By Brian Lee Crowley
Every Remembrance Day, Canadians rightly honour the sacrifice made by so many valiant compatriots over the years and decades past.
Too often, however, we forget that remembrance of past deeds carries with it obligations to the present and for the future.
Primarily, we must care for our veterans and their families; that is, uphold the contract which exists between society and those who served in the past.
We must also renew it with those who are serving today and will be asked to serve tomorrow.
Why do we falter in honouring our debt to our veterans?
One reason is our lack of understanding of why the sacrifice of those who died, of those who were maimed in body or spirit or who simply risked so much in the service of their country, is so important, to us and to people a half a world away.
Let me pass on a story from a good friend who, as a child, was brought from Holland to live in Canada. It helps explain exactly what kind of men and women we sent overseas for past wars, have overseas today, and will need to send again.
Canadian troops liberated the Netherlands from Nazi occupation in World War II, a difficult job carried out with typical Canadian effectiveness and self-effacement, despite considerable losses fighting on flat, wet terrain that offered little shelter from enemy fire.
Shortly after the liberation, my friend's Dutch father met a Canadian soldier and stopped him to say: "You don't know me and I don't know you, but I know who you are and what you represent. You and your fellow Canadians came from across the Atlantic, from far away, knowing nothing of my country and having little at stake here. At great expense in blood and treasure you have freed us from cruel oppression, and I imagine you have lost friends and colleagues in the effort. The least I can do is to tell you how deeply grateful my fellow-countrymen and I are for what you have done for us."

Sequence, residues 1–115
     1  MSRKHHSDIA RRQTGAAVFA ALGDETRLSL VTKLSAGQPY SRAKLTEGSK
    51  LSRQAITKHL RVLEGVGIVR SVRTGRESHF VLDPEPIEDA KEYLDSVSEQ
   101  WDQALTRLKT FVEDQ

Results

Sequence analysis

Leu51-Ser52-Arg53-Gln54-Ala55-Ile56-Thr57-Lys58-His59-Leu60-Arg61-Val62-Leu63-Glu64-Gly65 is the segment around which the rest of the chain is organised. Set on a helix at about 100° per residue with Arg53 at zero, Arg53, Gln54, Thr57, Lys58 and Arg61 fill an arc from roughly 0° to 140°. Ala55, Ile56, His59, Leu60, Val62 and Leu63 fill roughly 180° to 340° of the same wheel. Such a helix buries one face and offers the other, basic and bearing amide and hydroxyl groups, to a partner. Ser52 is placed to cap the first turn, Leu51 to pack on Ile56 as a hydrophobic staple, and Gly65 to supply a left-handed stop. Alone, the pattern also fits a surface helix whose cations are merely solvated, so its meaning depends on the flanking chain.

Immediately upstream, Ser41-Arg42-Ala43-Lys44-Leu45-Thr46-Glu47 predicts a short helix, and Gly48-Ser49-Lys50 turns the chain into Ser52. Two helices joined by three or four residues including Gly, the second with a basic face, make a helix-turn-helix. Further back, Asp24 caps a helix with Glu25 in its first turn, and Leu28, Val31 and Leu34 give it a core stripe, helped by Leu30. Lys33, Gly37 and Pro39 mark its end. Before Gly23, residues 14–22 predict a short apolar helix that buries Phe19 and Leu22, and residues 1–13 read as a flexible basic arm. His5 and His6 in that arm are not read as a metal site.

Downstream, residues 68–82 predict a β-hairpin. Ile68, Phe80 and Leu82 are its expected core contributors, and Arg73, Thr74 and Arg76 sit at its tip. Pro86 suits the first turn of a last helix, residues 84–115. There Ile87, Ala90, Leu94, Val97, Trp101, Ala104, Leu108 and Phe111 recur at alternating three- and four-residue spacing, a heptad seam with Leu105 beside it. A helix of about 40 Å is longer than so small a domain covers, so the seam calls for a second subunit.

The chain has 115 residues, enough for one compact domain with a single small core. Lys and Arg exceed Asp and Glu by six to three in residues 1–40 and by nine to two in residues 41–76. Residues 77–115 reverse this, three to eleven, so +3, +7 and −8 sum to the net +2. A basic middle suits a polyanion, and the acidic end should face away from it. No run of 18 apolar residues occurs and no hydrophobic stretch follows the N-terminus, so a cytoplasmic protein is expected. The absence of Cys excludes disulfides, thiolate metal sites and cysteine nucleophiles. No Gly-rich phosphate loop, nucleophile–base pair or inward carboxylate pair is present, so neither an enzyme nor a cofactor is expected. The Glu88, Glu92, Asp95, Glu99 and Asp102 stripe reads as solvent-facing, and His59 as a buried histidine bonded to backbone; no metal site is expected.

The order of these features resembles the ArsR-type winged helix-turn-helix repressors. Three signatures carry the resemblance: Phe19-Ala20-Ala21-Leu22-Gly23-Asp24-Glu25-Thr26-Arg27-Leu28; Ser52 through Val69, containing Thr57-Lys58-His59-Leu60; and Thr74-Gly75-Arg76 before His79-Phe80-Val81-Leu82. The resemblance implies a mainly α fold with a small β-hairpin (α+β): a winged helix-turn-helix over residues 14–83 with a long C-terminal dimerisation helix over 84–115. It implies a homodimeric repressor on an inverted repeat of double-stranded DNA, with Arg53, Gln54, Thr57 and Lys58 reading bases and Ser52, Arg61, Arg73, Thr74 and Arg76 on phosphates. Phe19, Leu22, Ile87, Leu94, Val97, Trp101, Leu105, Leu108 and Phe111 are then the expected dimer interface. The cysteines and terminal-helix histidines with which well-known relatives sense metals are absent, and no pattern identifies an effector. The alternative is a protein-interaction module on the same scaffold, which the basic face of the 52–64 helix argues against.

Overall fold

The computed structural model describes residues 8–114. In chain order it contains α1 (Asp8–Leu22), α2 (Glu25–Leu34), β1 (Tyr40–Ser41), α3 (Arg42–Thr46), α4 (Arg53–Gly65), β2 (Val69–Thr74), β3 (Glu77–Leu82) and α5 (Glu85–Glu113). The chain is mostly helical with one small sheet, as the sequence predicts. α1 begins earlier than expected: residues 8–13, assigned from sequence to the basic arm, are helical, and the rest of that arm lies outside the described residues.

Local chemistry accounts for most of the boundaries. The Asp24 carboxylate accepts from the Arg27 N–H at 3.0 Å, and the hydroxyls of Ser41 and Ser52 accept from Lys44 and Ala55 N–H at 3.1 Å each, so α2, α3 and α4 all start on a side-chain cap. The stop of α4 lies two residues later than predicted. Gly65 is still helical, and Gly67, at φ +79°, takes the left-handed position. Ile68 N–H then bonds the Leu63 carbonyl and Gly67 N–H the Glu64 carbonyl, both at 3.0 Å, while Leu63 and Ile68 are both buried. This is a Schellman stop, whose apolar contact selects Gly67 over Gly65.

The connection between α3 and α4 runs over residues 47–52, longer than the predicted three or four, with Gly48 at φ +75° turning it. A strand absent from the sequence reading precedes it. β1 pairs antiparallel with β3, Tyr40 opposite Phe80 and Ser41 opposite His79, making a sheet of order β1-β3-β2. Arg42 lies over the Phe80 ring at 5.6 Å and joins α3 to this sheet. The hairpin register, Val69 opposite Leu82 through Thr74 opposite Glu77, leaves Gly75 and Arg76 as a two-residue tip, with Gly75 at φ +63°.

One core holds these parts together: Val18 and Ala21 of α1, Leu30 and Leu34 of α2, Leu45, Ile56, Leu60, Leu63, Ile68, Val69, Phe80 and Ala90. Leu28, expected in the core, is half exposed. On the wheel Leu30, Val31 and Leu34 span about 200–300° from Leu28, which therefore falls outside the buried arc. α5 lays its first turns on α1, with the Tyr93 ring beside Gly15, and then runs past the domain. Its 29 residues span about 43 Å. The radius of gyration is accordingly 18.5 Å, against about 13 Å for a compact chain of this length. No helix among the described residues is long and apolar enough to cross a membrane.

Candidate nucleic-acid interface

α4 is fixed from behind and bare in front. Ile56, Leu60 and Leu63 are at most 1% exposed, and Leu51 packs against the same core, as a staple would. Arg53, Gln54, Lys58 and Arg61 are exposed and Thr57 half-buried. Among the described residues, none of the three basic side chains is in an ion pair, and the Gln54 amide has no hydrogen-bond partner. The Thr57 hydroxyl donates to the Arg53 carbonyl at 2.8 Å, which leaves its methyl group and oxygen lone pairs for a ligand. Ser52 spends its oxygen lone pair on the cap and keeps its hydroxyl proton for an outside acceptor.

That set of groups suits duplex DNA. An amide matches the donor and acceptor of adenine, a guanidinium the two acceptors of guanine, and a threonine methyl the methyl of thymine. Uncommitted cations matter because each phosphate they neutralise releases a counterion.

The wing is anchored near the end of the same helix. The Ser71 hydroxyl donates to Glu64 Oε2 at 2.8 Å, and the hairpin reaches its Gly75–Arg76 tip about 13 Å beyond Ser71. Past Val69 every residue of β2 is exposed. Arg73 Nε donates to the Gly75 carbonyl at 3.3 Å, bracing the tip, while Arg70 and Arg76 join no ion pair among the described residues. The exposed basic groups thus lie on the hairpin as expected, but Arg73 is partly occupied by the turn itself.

The Canadian looked at him calmly, smiled and said, "No need to thank me, sir. We had a job to do and we did it."
Then he saluted and carried on down the road, while my friend's father went home and announced to his family, "I think we have found the country where we must go to live."
My friend is Peter Stoffer, now a distinguished member of the Canadian parliament and a keen advocate of the rights and honours due to veterans. And his story reminds me of Col. Pat Stogran, Canada's retiring Veterans Ombudsman. He, too, had a job to do and did it with quiet, dutiful determination. But it is a job we must all take upon ourselves.
Ask yourself this: Why was that Canadian soldier in Holland?
It wasn't just to fight the enemy. He and his comrades were also there to defend the moral principles on which our society is based, values like individual freedom, democracy and the rule of law. He, and soldiers just like him, was prepared to put his life, his hopes, his dreams and his family's future on the line to uphold these principles, fighting for home, country and for a precious way of life.
They fought and died, on behalf of all Canadians. When we, as citizens, ask our compatriots to take such risks, and make such sacrifices, we assume a debt of honour to all who serve, to those who return as well as those who do not. We must care for them and their families as needed.
I want to add my voice to Pat Stogran's in calling on Ottawa to fulfill our practical and even more important moral obligations to ensure that the treatment of our veterans is based on the highest Canadian standards of decency, generosity and fairness.
While I trust that the moral obligation is clear, the practical one also matters; the world is not a safe place and if and when we ask such sacrifices from our brave men and women, it is imperative that we understand and keep the commitment that necessarily accompanies the request.
Safety and honour alike demand it, on November 11 and every day.
Brian Lee Crowley is Managing Director of Macdonald-Laurier Institute, a national public policy think tank in Ottawa. This commentary is based on a recent MLI publication, "Honouring Sacrifice."